/ 2 March 2024

The return of ostrich plumes

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File photo: An ostrich looks at a woman wearing a hat decorated with plumes during the first Ukrainian Ostriches Festival some 50 km from Kiev on September 4, 2010. (SERGEI SUPINSKY/AFP via Getty Images)

On a farm in the Klein Karoo, hundreds of ostriches stretch their slender necks and shake their black feathers under the setting sun. The birds’ lanky legs raise a cloud of dust in their enclosure, one of dozens dotting the rugged landscape surrounding the Western Cape town of Oudtshoorn. 

“May the feathers be with you,” reads an inscription welcoming visitors to the ostrich capital of the world.

From feather dusters to boa scarves, about 70% of ostrich products globally originate from South Africa. 

Most come from Oudtshoorn, which is situated between two mountain ranges running along South Africa’s southern coast, with a semi-arid climate ideal for big bird farming. 

Since the town’s early days, fashion has been the main market for local farmers, the lush plumes used to decorate luxury hats and eccentric dresses. 

“If you want to see a good exposure of our products, it will be, like, the Met Gala, in New York,” says Peter Liebenberg, who heads the feather division of Cape Karoo International.

New York’s star-studded Metropolitan Museum of Art’s annual fundraising ball is renowned for its over-the-top outfits. Yet, local producers say it’s the ostrich’s versatility that has allowed it to survive the whims of fashion. Just like for pigs, all parts are put to use and nothing is wasted, they say. 

A quick stroll into town reveals what they mean.

Restaurants serve ostrich steak. Store windows display ostrich leather bags as well as lamps and other ornaments shaped out of the birds’ giant eggs. 

The flue of the feather can be worked and curled to make brooches, says farmer Saag Jonker. “At the moment it’s really in fashion.”

A mischievous-looking ostrich adorns the logo of the local tourism office. 

As demand for extravagant clothing to show off at fancy parties tanked when the world was forced indoors by the Covid-19 pandemic, it was feather dusters that kept the industry afloat. 

“People were in lockdown, restricted to their homes, and everyone wanted to clean,” says Liebenberg.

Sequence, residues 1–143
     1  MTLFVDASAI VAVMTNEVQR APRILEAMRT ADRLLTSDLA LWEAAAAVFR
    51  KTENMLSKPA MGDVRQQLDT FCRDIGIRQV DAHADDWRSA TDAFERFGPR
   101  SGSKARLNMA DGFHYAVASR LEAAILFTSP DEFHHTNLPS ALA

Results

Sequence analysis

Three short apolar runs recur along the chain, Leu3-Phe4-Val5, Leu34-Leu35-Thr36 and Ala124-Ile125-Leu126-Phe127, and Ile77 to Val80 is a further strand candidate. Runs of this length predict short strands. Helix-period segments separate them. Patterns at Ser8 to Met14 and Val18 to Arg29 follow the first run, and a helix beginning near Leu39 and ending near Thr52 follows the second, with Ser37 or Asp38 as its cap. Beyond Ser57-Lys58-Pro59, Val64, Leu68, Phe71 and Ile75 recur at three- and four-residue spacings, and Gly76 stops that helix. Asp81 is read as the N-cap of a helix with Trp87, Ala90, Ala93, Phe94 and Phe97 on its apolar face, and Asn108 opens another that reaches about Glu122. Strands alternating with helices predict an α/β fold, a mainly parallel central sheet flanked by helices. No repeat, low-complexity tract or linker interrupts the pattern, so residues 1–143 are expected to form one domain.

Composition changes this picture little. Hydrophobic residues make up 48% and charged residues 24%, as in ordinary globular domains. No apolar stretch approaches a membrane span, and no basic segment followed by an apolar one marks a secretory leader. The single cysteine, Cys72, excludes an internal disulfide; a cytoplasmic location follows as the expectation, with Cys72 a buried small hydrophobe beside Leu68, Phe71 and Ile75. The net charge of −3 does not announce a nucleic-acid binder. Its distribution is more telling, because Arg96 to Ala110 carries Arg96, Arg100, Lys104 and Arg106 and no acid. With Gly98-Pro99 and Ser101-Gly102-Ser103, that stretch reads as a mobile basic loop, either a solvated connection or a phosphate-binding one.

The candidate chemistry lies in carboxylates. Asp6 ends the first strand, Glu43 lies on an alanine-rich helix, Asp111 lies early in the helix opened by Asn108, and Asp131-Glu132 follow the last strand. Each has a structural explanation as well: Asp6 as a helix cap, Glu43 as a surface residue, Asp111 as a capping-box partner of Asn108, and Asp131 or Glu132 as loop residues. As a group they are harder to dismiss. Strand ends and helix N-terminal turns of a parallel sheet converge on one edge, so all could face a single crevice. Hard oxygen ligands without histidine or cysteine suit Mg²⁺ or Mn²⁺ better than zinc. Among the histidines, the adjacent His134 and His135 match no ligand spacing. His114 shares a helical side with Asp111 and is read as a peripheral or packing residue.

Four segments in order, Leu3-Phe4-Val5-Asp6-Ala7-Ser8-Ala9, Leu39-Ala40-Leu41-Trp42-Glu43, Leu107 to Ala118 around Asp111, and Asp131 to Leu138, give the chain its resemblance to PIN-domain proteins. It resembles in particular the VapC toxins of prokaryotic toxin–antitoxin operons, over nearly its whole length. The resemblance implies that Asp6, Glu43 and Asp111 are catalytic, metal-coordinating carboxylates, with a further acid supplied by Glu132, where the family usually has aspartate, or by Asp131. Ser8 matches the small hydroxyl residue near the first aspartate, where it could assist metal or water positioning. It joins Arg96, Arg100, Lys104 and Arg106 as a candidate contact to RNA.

Oudtshoorn has been an ostrich boom town before. 

In the late 1800s and early 1900s, ostrich feathers were a prized designer item and South Africa’s fourth-biggest export. 

Their price by weight rivalled that of gold and the Oudtshoorn farmers’ association once gave Britain’s Queen Mary a dazzling fan made of white plumes as a sign of prosperity.

But the market crashed soon after as World War I disrupted maritime trade and cars became a popular means of transport. 

“You can’t get into a car with a hat with an ostrich feather. So that was a big thing,” says Liebenberg. 

But demand “always comes back”, he adds.

Today about 200 workers sort, cut, wash and dye plumes in several hundred colours at his processing facility in Oudtshoorn.

Seamstresses in pink uniforms sew feather boas in a room adorned by images of Paco Rabanne, Jean Paul Gaultier and Balmain fashion shows. 

Cape Karoo International sells about a hundred tonnes of feathers each year, including more than a million dusters and 130 000 metres of trim, he says.

Not far away in Jonker’s hatchery, the squawking of hundreds of newborns drowns out the soft crackle of hatching eggs. 

With an expert hand, a worker opens a temperature-controlled drawer and removes a few pieces of shell from one of the large eggs, revealing a small beak and a pair of dozing eyes. 

“I became an ostrich feather auctioneer at the age of 22 or 23. So that is how I then landed in the ostrich industry, and I never looked back,” Jonker recalls. 

His firm is now the largest private ostrich breeding, processing and marketing company in the world, with nearly 45  000 birds slaughtered every season. 

After being sterilised and sorted, the black and white plumes of the wings, the most prized ones, are sold at haute couture houses throughout the world. Clients range from Moulin Rouge performers in Paris to the carnival revellers in Rio de Janeiro. 

“It’s really an excellent product,” Jonker says.